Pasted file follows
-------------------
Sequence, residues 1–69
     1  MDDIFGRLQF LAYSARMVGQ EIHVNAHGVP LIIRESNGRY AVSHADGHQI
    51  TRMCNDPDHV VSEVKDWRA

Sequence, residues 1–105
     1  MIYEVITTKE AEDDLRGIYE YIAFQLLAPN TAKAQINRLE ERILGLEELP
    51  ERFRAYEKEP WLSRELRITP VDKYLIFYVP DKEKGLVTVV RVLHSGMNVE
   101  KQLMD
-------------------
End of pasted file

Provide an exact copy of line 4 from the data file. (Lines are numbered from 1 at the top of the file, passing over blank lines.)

Sequence, residues 1–105